Kung Fu Mahjong

The second movie we watched in the CGR film series was a Cantonese comedy, Kung Fu Mahjong. When I was asked to choose a gambling movie, several Mahjong movies came to my mind, largely due to the influence that the game has in the culture I grew up in. I settled for Kung Fu Mahjong at the end, which is one of the most popular Mahjong movies of all time.
Unlike gambling games of pure chance like roulette and slot machines, Mahjong involves a mixture of skill and chance. Canton-style Mahjong is a 4-player game using 136 tiles, and the objective is to be the first player to form a winning pattern with the tiles in your hand. In each turn, the player draws one tile from the batch and strategically discards an unwanted tile. The strategy comes from identifying potential winning combinations, good discarding decisions, and reading the other players. We saw a lot of similarities to poker, which reminded us of the flexibility dimension in Arthur Reber’s (2012) EVF model of types of gambling games.

Mahjong features heavily in this movie, which tells the story of a duo: Wong, a smart man with eidetic memory, and Chi Mo Sai, an experienced gambler. After discovering that Wong can memorize all tile placements in Mahjong, Chi is determined to teach Wong how to master the game. Together they begin winning lots of money, but quickly get into trouble with a triad boss who also plays at the club. After several bizarre plot twists, Wong becomes the Mahjong master by winning a major Mahjong competition at the end.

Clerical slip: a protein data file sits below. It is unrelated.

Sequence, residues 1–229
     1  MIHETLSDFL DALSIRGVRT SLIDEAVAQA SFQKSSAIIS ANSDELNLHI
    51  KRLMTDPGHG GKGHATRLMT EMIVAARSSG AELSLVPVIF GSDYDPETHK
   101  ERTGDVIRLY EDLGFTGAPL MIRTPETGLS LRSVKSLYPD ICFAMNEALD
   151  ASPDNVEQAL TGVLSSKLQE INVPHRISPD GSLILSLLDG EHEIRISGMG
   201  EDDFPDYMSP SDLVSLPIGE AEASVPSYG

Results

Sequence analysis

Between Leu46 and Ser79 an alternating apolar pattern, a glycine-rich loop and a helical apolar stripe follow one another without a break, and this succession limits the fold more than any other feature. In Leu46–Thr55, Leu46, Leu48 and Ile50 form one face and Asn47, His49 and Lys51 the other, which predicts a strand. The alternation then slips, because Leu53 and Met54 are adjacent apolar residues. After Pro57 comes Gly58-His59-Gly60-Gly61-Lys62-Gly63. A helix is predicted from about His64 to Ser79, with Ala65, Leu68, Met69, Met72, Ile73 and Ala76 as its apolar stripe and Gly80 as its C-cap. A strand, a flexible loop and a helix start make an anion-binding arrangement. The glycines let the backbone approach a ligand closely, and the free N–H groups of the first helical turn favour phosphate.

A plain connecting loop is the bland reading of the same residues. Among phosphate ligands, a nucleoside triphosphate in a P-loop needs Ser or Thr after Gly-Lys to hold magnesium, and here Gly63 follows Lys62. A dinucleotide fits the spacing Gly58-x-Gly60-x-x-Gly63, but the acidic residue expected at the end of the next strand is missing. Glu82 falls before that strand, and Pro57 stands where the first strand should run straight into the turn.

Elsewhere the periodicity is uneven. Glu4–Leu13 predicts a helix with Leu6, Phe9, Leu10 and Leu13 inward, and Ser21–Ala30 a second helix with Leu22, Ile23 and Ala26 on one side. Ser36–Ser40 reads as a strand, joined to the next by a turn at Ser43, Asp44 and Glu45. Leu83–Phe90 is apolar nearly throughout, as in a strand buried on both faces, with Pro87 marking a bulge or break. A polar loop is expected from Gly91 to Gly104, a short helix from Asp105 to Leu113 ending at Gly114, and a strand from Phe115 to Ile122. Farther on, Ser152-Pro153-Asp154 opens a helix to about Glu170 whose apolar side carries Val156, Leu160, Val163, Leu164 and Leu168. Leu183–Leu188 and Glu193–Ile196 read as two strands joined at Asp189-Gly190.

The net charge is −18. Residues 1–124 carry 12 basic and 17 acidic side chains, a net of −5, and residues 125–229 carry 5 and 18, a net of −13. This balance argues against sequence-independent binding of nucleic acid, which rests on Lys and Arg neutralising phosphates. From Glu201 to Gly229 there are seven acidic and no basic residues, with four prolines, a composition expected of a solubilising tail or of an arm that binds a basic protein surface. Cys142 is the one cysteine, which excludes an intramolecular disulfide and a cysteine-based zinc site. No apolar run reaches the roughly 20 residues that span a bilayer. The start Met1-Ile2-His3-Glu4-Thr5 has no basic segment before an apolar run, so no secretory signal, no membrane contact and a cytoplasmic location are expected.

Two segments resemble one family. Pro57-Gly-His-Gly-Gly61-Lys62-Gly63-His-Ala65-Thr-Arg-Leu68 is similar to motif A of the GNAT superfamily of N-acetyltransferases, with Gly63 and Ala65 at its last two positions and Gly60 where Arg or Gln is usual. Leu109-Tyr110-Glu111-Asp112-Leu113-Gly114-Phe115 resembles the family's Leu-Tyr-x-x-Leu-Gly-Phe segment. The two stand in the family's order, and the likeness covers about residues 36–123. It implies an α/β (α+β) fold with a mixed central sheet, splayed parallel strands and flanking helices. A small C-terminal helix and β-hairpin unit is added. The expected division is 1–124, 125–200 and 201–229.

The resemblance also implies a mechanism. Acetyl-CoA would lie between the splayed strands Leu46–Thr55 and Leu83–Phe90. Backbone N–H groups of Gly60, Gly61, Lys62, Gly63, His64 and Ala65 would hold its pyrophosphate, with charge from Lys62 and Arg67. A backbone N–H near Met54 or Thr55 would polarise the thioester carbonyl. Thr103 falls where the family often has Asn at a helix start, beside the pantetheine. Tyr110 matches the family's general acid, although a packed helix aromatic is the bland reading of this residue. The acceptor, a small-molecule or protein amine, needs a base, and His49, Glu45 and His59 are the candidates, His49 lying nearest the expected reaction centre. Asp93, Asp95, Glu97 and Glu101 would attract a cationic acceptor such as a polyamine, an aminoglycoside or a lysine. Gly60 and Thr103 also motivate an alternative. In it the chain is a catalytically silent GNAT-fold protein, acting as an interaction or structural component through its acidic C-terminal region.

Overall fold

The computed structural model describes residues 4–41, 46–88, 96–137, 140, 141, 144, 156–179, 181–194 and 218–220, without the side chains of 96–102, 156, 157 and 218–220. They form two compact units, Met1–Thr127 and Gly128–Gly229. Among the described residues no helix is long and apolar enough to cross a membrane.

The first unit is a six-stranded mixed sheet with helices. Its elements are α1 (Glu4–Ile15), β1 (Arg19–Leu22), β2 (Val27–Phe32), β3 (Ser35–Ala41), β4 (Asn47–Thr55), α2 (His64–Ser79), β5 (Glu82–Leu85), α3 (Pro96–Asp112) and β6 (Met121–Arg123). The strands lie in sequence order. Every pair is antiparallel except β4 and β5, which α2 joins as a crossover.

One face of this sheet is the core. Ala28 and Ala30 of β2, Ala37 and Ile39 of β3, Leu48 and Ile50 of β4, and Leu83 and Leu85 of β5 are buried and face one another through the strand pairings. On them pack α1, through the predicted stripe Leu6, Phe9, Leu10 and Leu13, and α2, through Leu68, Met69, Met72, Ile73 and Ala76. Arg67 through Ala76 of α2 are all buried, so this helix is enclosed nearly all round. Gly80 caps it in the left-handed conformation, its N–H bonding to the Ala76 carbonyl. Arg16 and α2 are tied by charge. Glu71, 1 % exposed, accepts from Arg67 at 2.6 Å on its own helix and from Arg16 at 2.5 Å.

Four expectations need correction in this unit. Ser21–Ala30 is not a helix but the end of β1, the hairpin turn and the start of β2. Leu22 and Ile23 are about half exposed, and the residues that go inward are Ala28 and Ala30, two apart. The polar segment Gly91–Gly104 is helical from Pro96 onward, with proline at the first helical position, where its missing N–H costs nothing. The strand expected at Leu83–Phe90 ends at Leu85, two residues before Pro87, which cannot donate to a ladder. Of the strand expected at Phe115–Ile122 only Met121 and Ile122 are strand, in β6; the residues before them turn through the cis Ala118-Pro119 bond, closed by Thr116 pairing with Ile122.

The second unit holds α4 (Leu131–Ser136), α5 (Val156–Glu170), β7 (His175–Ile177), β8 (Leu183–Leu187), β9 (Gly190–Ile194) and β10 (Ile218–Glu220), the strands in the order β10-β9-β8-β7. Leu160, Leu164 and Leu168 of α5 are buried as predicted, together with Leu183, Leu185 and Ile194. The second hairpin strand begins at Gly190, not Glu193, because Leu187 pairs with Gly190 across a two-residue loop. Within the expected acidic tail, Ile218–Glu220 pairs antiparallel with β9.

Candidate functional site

Some of the Mahjong portrayal is obviously (and deliberately) unrealistic for comedic effect. For example, memorizing the tile placements would be virtually impossible: Miller’s famous short-term memory capacity of ‘7 plus or minus 2’ items falls way short of 136. However, the film also highlights some other strategies that players can reasonably use to improve their odds of winning. Unlike our views on 21, we felt that Kung Fu Mahjong did more accurately portray the inherent variability in the success of these strategies; for example, Wong stopped pursuing rounds with a slim chance of winning in order to avoid big losses.

The movie also touched on some superstitious beliefs in gambling, which we found interesting. For instance, Chi mentions wearing red underwear to the casino, linked to red symbolizing luck and prosperity in Chinese culture. The existence of these superstitious beliefs in gambling is not necessarily harmful, although one needs to be wary and not be overwhelmed by those beliefs and fall prey to illusory control.

Overall, we felt that the movie was good fun and it was interesting to learn something new about Mahjong. Keep your eye out for the next film in our series, in a few weeks time!

About the author: Stephanie Chu is a first year Psychology Masters student at UBC. She studies gambling behaviours and cognitions at the Centre for Gambling Research.